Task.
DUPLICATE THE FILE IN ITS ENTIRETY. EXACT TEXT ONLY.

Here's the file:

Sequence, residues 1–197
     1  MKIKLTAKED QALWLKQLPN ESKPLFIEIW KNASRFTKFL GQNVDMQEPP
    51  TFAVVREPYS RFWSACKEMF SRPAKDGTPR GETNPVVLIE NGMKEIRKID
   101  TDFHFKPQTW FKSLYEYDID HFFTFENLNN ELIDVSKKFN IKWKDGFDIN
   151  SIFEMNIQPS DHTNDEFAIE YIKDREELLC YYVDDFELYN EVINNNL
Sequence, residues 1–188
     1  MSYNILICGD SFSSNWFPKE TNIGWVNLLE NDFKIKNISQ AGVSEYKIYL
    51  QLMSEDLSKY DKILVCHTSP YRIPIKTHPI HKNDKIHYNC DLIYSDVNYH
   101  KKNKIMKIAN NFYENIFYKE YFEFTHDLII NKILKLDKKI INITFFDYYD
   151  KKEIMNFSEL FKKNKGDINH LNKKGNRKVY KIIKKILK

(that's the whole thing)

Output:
Sequence, residues 1–197
     1  MKIKLTAKED QALWLKQLPN ESKPLFIEIW KNASRFTKFL GQNVDMQEPP
    51  TFAVVREPYS RFWSACKEMF SRPAKDGTPR GETNPVVLIE NGMKEIRKID
   101  TDFHFKPQTW FKSLYEYDID HFFTFENLNN ELIDVSKKFN IKWKDGFDIN
   151  SIFEMNIQPS DHTNDEFAIE YIKDREELLC YYVDDFELYN EVINNNL
Sequence, residues 1–188
     1  MSYNILICGD SFSSNWFPKE TNIGWVNLLE NDFKIKNISQ AGVSEYKIYL
    51  QLMSEDLSKY DKILVCHTSP YRIPIKTHPI HKNDKIHYNC DLIYSDVNYH
   101  KKNKIMKIAN NFYENIFYKE YFEFTHDLII NKILKLDKKI INITFFDYYD
   151  KKEIMNFSEL FKKNKGDINH LNKKGNRKVY KIIKKILK